Overall mobile device sales statistics aren’t the only ones we need to analyze. The market shares are very different if we look only at people using their mobile devices to browse the Web. A device with a very low total worldwide market share, such as the iPhone, can prove to have a big market share if we only analyze devices with high web consumption. Figures 1-14 through 1-16 show a few different counts with varying results.

Gartner offers frequently updated statistics about mobile terminal (all devices) and smartphone sales. Nokia is the global leader in both segments.

Figure 1-14. Gartner offers frequently updated statistics about mobile terminal (all devices) and smartphone sales. Nokia is the global leader in both segments.

At we can find mobile browser statistics (global and by region) collected from websites using the StatCounter tool. The iPod Touch is registered as iTouch, so iPhone OS devices are leading here.

Figure 1-15. At http://gs.statcounter.com we can find mobile browser statistics (global and by region) collected from websites using the StatCounter tool. The iPod Touch is registered as iTouch, so iPhone OS devices are leading here.

AdMob is an advertisement network for mobile websites and applications. It offers public statistics at .

Figure 1-16. AdMob is an advertisement network for mobile websites and applications. It offers public statistics at http://metrics.admob.com.

Note

Some statistics services use JavaScript code or some other technique that is not available for microbrowsers or low-end devices, so they are generally left out of the list of devices visiting your website. You need to be very careful about interpreting statistics.

GetJar.com is an application store for freeware and shareware applications, mainly developed in Java ME but with other platforms supported, too. The site offers public statistics about the market share of its visitors, as shown in Table 1-2. This information is very useful, because the visitors are active—they are browsing a website looking for applications to download—so we can consider them active mobile Internet users in the Java ME–compatible market.

Table 1-2. Global GetJar market share statistics by manufacturer (September 2009)

Manufacturer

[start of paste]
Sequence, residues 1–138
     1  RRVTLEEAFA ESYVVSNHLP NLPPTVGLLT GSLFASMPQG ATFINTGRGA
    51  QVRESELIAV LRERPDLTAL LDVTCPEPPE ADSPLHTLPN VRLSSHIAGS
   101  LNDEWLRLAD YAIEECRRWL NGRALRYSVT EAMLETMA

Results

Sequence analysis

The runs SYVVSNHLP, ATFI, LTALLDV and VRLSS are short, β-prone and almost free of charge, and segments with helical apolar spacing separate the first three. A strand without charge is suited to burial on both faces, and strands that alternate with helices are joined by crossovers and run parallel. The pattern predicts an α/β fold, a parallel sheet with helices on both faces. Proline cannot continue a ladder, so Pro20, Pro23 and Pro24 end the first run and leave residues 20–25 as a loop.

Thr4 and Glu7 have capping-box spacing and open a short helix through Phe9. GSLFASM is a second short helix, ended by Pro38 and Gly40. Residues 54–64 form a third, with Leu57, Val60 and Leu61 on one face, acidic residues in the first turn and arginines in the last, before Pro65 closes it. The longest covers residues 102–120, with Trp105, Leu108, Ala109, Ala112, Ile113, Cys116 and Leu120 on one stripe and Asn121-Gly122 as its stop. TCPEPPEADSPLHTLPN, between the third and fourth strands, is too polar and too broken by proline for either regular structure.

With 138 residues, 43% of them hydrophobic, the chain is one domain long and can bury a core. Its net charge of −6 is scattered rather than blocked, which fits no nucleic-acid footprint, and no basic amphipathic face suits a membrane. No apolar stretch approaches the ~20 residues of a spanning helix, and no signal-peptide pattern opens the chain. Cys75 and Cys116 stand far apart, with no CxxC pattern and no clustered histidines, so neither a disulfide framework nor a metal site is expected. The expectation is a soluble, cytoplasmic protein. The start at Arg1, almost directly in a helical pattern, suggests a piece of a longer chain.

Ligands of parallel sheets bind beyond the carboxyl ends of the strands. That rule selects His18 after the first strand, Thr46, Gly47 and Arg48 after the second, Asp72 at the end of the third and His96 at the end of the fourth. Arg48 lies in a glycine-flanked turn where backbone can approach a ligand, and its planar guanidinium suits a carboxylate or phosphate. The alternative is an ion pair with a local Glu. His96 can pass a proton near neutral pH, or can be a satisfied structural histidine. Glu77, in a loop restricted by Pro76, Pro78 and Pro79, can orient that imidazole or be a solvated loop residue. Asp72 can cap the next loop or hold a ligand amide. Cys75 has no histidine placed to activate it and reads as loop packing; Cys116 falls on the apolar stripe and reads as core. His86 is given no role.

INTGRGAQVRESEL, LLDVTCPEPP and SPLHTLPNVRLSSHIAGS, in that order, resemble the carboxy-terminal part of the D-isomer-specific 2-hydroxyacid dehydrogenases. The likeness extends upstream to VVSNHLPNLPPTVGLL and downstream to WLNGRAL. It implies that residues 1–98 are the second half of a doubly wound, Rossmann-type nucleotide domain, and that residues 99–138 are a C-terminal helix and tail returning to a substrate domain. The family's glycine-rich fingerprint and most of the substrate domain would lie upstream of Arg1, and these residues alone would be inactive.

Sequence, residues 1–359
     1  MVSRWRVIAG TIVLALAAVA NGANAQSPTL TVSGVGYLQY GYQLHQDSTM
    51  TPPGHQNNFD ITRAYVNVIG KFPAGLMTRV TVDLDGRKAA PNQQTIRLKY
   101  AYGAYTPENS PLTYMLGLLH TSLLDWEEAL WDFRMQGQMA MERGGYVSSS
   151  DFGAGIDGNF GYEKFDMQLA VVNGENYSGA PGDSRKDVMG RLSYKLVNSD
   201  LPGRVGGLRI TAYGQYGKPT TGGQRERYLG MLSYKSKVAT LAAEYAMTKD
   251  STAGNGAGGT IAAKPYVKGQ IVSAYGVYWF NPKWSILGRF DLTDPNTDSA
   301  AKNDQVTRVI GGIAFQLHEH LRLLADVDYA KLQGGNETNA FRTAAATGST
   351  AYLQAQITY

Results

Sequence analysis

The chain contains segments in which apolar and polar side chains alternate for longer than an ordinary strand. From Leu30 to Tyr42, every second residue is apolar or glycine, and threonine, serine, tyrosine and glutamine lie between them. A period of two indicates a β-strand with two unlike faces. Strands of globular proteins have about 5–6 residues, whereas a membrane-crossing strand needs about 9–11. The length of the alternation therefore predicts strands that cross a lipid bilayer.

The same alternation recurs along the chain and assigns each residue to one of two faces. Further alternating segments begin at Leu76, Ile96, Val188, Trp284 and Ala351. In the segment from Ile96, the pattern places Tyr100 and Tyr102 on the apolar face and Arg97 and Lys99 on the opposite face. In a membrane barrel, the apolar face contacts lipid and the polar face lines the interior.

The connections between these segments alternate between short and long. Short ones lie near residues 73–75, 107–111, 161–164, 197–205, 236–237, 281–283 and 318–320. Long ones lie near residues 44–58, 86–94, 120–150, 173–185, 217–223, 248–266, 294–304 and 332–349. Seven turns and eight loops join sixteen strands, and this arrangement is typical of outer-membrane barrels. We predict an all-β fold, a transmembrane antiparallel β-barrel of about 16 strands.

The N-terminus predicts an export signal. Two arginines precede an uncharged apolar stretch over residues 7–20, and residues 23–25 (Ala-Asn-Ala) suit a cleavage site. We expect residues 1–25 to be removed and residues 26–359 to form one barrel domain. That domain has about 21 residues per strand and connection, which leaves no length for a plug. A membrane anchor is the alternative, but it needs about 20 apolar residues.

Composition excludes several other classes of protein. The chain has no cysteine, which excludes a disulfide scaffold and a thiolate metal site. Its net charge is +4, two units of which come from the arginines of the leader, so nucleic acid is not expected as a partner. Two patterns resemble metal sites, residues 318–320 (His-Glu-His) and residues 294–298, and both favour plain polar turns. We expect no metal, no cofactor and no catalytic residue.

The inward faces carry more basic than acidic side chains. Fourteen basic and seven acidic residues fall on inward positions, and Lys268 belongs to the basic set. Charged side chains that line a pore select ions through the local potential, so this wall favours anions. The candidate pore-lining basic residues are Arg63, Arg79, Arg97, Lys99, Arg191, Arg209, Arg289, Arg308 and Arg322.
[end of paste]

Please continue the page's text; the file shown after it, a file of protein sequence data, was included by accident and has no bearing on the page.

Market share

Nokia

47.8%

Sony Ericsson

16.6%

Samsung

7.8%

LG

3.2%

BlackBerry

3%

Motorola

2.29%

Warning

While GetJar statistics are very useful, we need to understand that the market share of iPhone, Android, Windows Mobile, and webOS devices are not represented accurately because their users don’t typically use GetJar.

The well-known research firm Gartner predicts the 2012 smartphone market share as shown in Table 1-3 and Figure 1-17, with Symbian still at the head, followed by Android and iPhone. The prediction indicates a small reduction for Symbian but a positive future for Android and Windows Mobile, with both increasing their market share.

Table 1-3. Gartner’s prediction for 2012 smartphone market share

Smartphone platform/manufacturer

2012 predicted market share

Symbian

39%

Android

14.5%

iPhone

13.7%

Windows Mobile

12.8%

BlackBerry

12.5%

Linux

5.4%

webOS

2.1%

Gartner predicts that in 2012 Android will have more market share than iPhone, BlackBerry, and Windows Mobile. Symbian will continue its worldwide leadership.

Figure 1-17. Gartner predicts that in 2012 Android will have more market share than iPhone, BlackBerry, and Windows Mobile. Symbian will continue its worldwide leadership.

Figure 1-18 shows another way of exploring localized device statistics. Remember that these statistics depend on the source and can change a lot over time.

A nice updated mobile browser market share graphic based on StatCounter data is available at .

Figure 1-18. A nice updated mobile browser market share graphic based on StatCounter data is available at http://www.icrossing.co.uk.

Note

You can find a list of updated mobile browser and device market share statistics in the statistics section of this book’s blog, at http://www.mobilexweb.com/go/stats.